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Robinson urges ‘extraordinary prayer, saturation evangelism’ fo

MILL VALLEY, Calif. (BP)–With the year 2000 approaching, the church should pray increasingly for spiritual awakening and act more intentionally in saturation evangelism, an evangelism leader said at Golden Gate Baptist Theological Seminary.
Darrell Robinson, special assistant for evangelism at the North American Mission Board and author of “People Sharing Jesus,” told students, faculty and staff at the Mill Valley, Calif., campus that the year 2000 can offer some of the greatest opportunities in Christian witness.
“There is so much darkness at this hour,” he said in a chapel message. “There are multitudes of disgruntled church members, discouraged and defeated pastors, issues of politics in religion and enough depravity across America to cause what happened recently in Colorado.”
The light of the glory of God nevertheless shines brightest in the midst of the deepest darkness, Robinson said, and God can break through in revival and spiritual awakening if the church does three things:
“There should be extraordinary prayer, unity of the people of God and obedience to Jesus and his mission.” Throughout Scripture and Christian history, he said, these three things are always present before spiritual awakenings.
Robinson said he has seen bits and pieces of spiritual awakening all over the nation and world. Currently, he serves as national facilitator for personal witness for Mission America, a coalition of more than 300 denominations, para-church ministries and ministerial networks. With this position, he has established a “Celebrate Jesus 2000” emphasis that aims to share the gospel with everyone in North America by the end of the year 2000.
“God is up to something, and what we’re yearning for is a sweeping revival across the nation,” he said. “It isn’t happening yet, but it’s touching down like tornadoes in various places where some are willing to come together and seek God. The power doesn’t come when God’s people are at one another’s throats. It comes when we lift Jesus up and there’s unity.”
Robinson said 1 Timothy 2:1-4 states two things God wants: his followers to pray for godliness, holiness and a quiet life, and all the world to be saved and be knowledgeable of the truth.
“Jesus’ strategy aims for a worldwide evangelistic saturation, but it began in Jerusalem in Acts 1,” Robinson said. “If we were the only Christians in the world like they were, he’d start with us in this room and say to take the gospel to your Jerusalem and saturate your community.”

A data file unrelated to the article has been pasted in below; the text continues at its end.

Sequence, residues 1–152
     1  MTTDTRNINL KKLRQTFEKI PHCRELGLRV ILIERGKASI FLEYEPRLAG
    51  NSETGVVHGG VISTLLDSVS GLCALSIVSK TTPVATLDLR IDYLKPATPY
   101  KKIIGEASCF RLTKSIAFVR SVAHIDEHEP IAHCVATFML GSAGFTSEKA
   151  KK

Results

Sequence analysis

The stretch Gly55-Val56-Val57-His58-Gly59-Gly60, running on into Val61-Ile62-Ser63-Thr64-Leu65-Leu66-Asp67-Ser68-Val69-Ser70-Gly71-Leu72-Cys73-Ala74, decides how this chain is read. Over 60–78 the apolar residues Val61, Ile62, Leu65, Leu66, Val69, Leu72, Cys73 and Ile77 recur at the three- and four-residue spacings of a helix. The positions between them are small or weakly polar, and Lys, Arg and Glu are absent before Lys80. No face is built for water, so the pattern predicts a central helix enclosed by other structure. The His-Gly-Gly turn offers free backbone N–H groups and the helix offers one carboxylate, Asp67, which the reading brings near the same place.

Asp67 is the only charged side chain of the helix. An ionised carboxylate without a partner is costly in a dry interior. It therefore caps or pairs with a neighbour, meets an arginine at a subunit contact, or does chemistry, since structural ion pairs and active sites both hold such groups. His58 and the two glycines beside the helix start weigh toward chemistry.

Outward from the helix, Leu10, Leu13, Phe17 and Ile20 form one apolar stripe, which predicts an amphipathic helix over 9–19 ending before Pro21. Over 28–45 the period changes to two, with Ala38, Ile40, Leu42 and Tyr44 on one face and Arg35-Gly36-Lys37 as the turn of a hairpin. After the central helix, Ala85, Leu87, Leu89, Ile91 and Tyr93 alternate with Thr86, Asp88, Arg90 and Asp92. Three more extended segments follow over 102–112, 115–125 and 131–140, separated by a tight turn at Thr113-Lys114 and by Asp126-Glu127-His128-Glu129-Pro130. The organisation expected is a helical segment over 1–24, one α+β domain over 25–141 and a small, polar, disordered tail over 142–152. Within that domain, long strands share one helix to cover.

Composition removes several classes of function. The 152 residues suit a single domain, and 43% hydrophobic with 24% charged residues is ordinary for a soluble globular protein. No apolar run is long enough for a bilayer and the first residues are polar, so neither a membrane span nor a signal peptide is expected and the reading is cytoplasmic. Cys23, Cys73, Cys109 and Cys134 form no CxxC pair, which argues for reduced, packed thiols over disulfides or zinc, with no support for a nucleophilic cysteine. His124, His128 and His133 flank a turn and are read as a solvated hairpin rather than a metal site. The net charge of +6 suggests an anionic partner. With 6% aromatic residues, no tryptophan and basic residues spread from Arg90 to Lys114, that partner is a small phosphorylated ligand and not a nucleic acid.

It will take every Christian to do it, Robinson declared. “Preachers can’t do it alone. Leaders and seminary professors can’t do it alone. If leaders don’t do it, though, the people won’t do it. Nevertheless, God has the army to accomplish his will, but most choose to stay in the tents while the generals go out and do battle.”
Citing the example of the Apostle Paul, Robinson said, “I have to discipline myself and keep myself accountable that I’m seeing every person like God sees them and share the good news of Jesus with them.
“Evangelism has to be intentional because it does not just happen,” he said. “We tend to move away from rather than toward evangelism.”
The early Christians in Acts 4, after the first big wave of persecution, gathered together to pray for boldness, Robinson recounted. “Satan is always on the campaign to intimidate us into silence,” he said. Christians need to have a bold witness, but one that “isn’t brashness or browbeating. …We need to pray that God will help us be who we are where we are with whoever we are and not to disguise ourselves.”
Robinson told of a man who at age 65 felt God calling him to be available as a soul-winner, so Robinson gave him weekly assignments of people to talk to. “Every week, he brought someone down the aisle,” Robinson said. “He began to go all over the nation and the world to train people to share effectively. At his funeral 24 years later, his son said that he began to live when he was 65.”
Churches need to identify spheres of influence in their surrounding areas and take the gospel in many different ways to as many people as they can, Robinson said. “Eventually, every person in the community is one day going to think they need God. When that happens, it shouldn’t have been long for someone from a church to tell them about Jesus.”
Robinson said in his experience he never meets anyone who doesn’t want to talk about Jesus. “And every Christian deep down inside wants to share Christ. We’re not in this by ourselves. God wants spiritual awakening to happen more than we do. It’s every Christian’s job to share Jesus where he or she is.”
Robinson visited the seminary campus April 21-22.

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